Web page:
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Electrocutaneous stimulus setting for identification of the ascending nociceptive pathway

BMC Neuroscience201314 (Suppl 1) :P272

https://doi.org/10.1186/1471-2202-14-S1-P272

  • Published:

Keywords

  • Stimulus Setting
  • Artificial Dataset
  • Multiple Combination
  • Nociceptive Pathway
  • Nociceptive System

Background

Malfunctioning of the ascending nociceptive pathway plays a key role in the development of chronic pain, e.g. central sensitization. In psychophysical experiments, subject's binary responses are measured during applying electrocutaneous stimulation. The stimulation delivers a square waveform parameterized by three temporal parameters, number of pulses (NoP), inter-pulse interval (IPI), pulse width (PW), and amplitude of the current (IA). These are the input-output measurements of this pathway accounting for peripheral activation, firing rate, synaptic transfer and supraspinal activation (Figure 1A). The relevant neurophysiological parameters may reflect the state of nociceptive system. To provide sufficient information to get the values of these parameters, multiple combinations of the settings in stimulus parameters are required. The challenge is to develop a reliable algorithm to estimate the parameters and to find an optimal stimulus setting.
Figure 1
Figure 1

A: Neurophysiology of the ascending pathway; B: Model; C: Estimation and stimulus setting influence.

Methods

We model this pathway as a cascaded two leaky integrate-and-fire models followed by a nonlinear binary detector at the supraspinal level (Figure 1B). A white noise source presents at the output of neuronal activity. The model has five unknown parameters: two time constants (τ1, τ2 [msec]), two compound gain-threshold parameters (α1, α2) and standard deviation of the neuronal noise (σε). The multiple combinations of stimulus settings depend on two variables IPIt and PWt [msec] (Table 1). Using each setting to generate an artificial dataset, we estimate the parameters by maximizing the likelihood function of these parameters and the stimulus-response dataset. Varying IPIt and PWt, we look for an optimal setting of the stimulus.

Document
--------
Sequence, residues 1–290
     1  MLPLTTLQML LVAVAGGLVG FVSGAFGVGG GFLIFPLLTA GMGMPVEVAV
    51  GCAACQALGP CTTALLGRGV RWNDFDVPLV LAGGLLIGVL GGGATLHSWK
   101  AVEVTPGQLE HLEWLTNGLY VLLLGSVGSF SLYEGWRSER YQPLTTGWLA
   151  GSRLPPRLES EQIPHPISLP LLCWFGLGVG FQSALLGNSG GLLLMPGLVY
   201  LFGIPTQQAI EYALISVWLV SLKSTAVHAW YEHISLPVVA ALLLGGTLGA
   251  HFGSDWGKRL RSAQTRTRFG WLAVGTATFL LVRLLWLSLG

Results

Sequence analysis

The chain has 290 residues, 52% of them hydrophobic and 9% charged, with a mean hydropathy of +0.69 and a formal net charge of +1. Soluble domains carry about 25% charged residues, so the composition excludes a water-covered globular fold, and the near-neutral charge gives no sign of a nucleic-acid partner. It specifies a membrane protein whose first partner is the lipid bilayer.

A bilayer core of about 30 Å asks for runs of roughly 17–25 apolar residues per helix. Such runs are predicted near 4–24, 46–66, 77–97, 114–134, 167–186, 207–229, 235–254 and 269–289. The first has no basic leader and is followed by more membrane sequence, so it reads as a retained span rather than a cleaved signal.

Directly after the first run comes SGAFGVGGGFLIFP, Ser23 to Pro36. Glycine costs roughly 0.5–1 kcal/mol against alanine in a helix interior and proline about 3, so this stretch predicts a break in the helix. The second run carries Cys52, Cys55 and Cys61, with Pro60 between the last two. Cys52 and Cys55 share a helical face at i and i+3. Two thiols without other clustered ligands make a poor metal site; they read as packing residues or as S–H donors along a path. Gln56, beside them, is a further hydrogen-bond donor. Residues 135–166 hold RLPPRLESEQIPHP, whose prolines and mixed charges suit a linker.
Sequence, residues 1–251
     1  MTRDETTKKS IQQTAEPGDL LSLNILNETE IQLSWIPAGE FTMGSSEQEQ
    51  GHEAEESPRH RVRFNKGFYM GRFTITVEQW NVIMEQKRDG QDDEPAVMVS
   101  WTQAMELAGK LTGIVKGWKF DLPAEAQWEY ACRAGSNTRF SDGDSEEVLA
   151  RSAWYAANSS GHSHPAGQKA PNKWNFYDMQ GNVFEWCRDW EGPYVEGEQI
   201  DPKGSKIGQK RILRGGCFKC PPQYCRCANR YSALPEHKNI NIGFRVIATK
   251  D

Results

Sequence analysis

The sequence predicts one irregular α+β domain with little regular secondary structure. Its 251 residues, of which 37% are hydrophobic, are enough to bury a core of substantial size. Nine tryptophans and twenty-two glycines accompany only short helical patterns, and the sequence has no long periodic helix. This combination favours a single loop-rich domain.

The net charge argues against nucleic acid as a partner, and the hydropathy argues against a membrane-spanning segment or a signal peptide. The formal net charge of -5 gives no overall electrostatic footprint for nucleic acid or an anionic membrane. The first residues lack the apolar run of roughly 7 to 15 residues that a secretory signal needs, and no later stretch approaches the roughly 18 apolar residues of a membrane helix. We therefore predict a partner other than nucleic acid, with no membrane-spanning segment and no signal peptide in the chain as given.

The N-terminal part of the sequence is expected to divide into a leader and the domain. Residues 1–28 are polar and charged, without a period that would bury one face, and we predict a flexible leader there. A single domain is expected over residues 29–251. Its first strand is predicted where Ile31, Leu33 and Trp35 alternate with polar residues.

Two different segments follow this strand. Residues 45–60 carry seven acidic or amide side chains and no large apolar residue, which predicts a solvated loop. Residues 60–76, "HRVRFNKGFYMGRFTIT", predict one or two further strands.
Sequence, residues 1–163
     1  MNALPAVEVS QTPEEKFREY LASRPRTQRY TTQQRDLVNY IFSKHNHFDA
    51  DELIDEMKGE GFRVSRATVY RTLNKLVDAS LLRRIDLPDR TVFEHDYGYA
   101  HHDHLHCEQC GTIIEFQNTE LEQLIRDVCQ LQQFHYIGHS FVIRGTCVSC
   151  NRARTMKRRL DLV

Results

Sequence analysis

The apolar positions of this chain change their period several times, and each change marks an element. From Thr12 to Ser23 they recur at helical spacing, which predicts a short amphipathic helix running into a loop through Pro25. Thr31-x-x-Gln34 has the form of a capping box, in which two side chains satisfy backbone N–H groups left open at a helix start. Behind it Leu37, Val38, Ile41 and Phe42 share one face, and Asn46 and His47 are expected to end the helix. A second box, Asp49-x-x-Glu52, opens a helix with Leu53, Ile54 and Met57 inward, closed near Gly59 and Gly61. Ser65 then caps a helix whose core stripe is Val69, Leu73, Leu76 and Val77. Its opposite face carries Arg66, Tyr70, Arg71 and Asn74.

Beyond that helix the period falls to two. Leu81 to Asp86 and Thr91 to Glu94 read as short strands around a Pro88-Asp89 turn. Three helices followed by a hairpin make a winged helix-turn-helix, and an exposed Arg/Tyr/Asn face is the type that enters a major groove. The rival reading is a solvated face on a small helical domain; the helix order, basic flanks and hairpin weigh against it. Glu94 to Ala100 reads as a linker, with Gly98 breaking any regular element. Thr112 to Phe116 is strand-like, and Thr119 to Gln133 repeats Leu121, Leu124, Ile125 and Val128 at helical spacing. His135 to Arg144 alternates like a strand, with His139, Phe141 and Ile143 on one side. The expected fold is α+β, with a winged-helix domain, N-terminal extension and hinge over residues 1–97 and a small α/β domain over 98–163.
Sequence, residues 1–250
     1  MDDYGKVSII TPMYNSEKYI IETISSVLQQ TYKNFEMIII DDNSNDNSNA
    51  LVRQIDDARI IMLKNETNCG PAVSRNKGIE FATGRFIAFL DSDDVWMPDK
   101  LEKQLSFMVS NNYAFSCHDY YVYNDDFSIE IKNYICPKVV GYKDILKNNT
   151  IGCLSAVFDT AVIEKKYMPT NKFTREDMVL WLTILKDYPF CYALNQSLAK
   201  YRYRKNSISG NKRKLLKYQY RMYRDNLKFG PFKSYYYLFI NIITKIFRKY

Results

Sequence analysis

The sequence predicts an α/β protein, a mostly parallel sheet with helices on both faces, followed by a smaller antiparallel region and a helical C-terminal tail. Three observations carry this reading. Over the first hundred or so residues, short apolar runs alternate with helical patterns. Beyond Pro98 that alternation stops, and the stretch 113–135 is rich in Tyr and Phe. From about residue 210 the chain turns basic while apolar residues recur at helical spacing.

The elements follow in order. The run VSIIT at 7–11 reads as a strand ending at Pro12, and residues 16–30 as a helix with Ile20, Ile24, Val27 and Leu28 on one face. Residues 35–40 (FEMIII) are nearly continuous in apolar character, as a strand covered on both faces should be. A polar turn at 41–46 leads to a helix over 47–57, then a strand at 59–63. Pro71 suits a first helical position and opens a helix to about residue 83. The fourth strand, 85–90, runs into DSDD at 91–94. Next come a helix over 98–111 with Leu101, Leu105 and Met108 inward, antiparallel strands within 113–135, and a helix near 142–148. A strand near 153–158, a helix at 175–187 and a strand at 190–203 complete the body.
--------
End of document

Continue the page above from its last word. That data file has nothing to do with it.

Results

For each setting, we present estimation errors in a cumulative distribution with particular values of the parameters, θ= (τ1 = 0.2, τ2 = 20, α1 = 0.1, α2 = 0.04, σε = 0.005). The chance with an estimation error below 17% is a half when IPIt is 10 and PWt is 0.2. Furthermore, we show the median of the estimation error in a 2D plot with varying IPIt and PWt.

Conclusions

To identify the ascending nociceptive pathway, we have proposed an estimation approach using stimulus-response measurements. Optimal temporal settings of stimulus are found for a reliable estimation within the region of IPIt 10-25 [msec] and PWt 0.15-0.4 [msec].

Declarations

Acknowledgements

This research is supported by the Dutch Technology Foundation STW, which is part of the Netherlands Organisation for Scientific Research (NWO) and partly funded by the Ministry of Economic Affairs, Agriculture and Innovation.

Authors’ Affiliations

(1)
Department of Mathematics, Electrical Engineering, Computer Science and Mathematics, University of Twente, Enschede, Postbus 217, 7500, AE, The Netherlands

Copyright

© Yang et al; licensee BioMed Central Ltd. 2013

This article is published under license to BioMed Central Ltd. This is an Open Access article distributed under the terms of the Creative Commons Attribution License (http://creativecommons.org/licenses/by/2.0), which permits unrestricted use, distribution, and reproduction in any medium, provided the original work is properly cited.

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